Blue Box Boy - A Memoir of Doctor Who in Four Episodes
 

No. 28 of 62 in the Biographies series
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By:Matthew Waterhouse
Rating:   8.6  (8 votes)  Vote here
Review:  A box of delights  Read more (1 in total)
Editions:  1st paperback | hardback | 3rd paperback | 4th paperback
Note:Autobiography of Matthew Waterhouse, who played companion Adric during Tom Baker & Peter Davison's time on Doctor Who. Also available as an audio reading.

Cover image for Blue Box Boy - A Memoir of Doctor Who in Four Episodes
Edition: 1st paperback
When:  July 2010
Publisher:  Hirst Publishing
ISBN:978-0-9557149-6-2
Format: paperback
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Cover blurb:
As a boy Matthew Waterhouse loved Doctor Who: he watched all the episodes and read all the novels and comic strips. What starts as a heart-warming story, of a boy growing up with Doctor Who as his trusted friend, engaging the reader memories and nostalgia that will be familiar to any Doctor Who fan, takes a sudden twist when he is thrust into an alien and adult world — cast as Doctor Who's youngest ever travelling companion — for two of the series most inventive seasons.

Matthew's sense of wonder with his dream job and his love for the show are palpable; as is his shock at genuine hostilities between cast and crew members and considerable tensions on set, which are counterpointed with poignant reminders that he is just a boy, and still a fan, who finds himself in the absurd, comic world of minor celebrity. What follows is a story-by-story memoir of his time on the show, peppered with glimpses into Matthew's personal life, tales of conventions, DVD commentaries, and some revealing anecdotes about everyone from fellow actors to Doctor Who's more high-profile fans. This memoir holds nothing back: written with honesty, warmth, a rapier wit and a good dose self-depreciation, the book is essential reading for any Doctor Who fan.

Finally, we get to hear Matthew's side of a story which has been told and embellished and imagined by fans and fellow actors for years. This affectionate and darkly humourous memoir is a record of what it was like to make Doctor Who, and to work for the BBC in the early 80s, and is proof that you can take the actor out of Doctor Who, but you can never quite take Doctor Who out of the actor...

Cover image for Blue Box Boy - A Memoir of Doctor Who in Four Episodes
Edition: hardback
When:  July 2010
Publisher:  Hirst Publishing
ISBN:978-0-9557149-7-9
Format: hardback
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Note:  Limited edition of 150 signed copies.

Cover blurb:
None.

Cover image for Blue Box Boy - A Memoir of Doctor Who in Four Episodes
Edition: 3rd paperback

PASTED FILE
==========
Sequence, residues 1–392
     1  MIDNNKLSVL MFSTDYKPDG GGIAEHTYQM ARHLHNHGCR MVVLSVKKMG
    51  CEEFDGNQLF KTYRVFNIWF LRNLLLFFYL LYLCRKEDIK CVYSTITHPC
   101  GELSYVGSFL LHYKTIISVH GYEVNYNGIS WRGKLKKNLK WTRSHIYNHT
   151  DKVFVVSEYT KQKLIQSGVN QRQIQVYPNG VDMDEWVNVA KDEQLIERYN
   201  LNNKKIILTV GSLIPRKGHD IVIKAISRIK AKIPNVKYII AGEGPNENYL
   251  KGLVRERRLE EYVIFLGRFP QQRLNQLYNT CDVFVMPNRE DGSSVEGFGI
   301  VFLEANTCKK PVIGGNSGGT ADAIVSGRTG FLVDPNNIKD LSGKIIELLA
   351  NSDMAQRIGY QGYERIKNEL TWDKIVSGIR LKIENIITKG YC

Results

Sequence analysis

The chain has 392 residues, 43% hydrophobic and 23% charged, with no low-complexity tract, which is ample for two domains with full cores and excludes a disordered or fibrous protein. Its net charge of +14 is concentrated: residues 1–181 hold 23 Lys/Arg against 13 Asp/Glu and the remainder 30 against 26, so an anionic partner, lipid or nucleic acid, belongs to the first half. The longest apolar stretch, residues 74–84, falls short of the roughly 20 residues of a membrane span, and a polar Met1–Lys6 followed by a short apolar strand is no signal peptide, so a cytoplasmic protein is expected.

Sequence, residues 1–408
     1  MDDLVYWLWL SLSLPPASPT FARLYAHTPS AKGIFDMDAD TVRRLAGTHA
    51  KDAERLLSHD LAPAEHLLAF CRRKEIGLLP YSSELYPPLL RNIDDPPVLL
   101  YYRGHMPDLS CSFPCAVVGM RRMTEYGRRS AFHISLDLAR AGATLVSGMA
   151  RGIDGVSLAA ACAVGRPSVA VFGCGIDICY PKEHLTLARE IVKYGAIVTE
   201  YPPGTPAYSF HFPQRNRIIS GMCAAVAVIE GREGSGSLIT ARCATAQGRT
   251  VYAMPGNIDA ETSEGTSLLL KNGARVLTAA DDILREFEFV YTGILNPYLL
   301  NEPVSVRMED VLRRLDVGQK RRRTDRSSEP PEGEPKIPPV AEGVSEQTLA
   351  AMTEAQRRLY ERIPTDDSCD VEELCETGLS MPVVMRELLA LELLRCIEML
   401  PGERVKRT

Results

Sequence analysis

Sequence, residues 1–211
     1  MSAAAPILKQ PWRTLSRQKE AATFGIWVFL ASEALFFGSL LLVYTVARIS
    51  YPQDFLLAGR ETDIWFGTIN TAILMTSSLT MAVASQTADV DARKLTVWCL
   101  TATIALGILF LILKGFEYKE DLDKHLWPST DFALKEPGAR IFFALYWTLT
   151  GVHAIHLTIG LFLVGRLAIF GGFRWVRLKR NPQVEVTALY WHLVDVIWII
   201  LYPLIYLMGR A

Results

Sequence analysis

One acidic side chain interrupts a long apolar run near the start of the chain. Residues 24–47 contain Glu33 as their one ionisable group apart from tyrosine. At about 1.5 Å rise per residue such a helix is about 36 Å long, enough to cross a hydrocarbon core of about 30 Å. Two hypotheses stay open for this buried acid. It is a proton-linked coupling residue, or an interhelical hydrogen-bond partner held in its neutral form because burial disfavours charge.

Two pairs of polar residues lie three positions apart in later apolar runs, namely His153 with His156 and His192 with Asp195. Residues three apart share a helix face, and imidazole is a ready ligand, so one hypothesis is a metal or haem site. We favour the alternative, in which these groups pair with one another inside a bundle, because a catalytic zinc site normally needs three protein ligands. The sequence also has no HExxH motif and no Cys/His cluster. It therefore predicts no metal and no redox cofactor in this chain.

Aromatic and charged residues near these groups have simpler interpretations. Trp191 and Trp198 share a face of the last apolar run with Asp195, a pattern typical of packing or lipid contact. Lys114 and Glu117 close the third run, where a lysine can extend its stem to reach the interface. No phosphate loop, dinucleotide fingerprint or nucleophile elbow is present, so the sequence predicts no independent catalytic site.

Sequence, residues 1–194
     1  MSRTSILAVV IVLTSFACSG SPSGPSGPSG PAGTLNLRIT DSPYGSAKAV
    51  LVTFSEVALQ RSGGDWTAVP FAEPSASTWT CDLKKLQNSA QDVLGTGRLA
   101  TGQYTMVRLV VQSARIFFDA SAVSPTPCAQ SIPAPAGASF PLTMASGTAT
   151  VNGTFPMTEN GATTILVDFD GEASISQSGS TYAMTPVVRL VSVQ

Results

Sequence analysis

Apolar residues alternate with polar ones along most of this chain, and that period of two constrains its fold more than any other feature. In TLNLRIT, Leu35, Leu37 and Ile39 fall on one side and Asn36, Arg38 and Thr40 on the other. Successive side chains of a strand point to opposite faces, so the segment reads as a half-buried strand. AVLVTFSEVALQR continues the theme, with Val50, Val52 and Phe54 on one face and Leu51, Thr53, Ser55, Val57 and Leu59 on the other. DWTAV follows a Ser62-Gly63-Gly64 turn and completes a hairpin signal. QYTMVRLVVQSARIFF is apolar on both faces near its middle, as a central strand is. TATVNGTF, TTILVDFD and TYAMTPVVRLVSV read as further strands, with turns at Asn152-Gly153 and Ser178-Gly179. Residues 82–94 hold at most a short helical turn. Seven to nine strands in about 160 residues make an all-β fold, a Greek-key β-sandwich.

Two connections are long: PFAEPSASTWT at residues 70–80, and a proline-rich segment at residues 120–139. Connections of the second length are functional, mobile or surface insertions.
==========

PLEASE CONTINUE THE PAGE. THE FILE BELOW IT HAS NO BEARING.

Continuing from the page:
When:  February 2011
Publisher:  Hirst Publishing
ISBN:Unknown
Format: paperback
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Note:  Limited edition produced specially for the Gallifrey 2011 convention in Los Angeles. Compared to the previous hardback edition, it has different cover art and an extra feature at the end: "Matthew's Fantasy Desert Island Discs"

Cover blurb:
No cover information available yet.

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Cover image for Blue Box Boy - A Memoir of Doctor Who in Four Episodes
Edition: 4th paperback
When:  May 2013
Publisher:  Head Music
ISBN:978-0-9568539-7-4
Format: paperback
Owned:
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New:  £14.00
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Used:  CDN$ 141.58
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Cover blurb:
AS A BOY, MATTHEW WATERHOUSE LOVED DOCTOR WHO.

He watched every episode; read all the novels and comic strips.

His life took a sudden twist when he was thrust into an alien and adult world — cast as Doctor Who's youngest ever travelling companion for two of the series' most inventive seasons. Matthew's sense of wonder at getting his dream job, and his love for the show, are palpable; as is his shock at genuine hostilities between cast and crew members and tensions on set, which are counterpointed with poignant reminders that he is just a boy, and still a fan, who finds himself in the absurd, comic world of minor celebrity.

Blue Box Boy is a detailed memoir of Matthew's time on Doctor Who, peppered with glimpses into Matthew's personal life, tales of conventions and DVD commentaries, and some revealing anecdotes about Matthew's co-stars and some of Doctor Who's more high-profile fans.

As a memoir it holds nothing back, and it is written with honesty, warmth, wit and self-deprecation.

This affectionate and darkly humorous memoir is a record of what it was like to make Doctor Who, and to work for the BBC, in the early 1980s.



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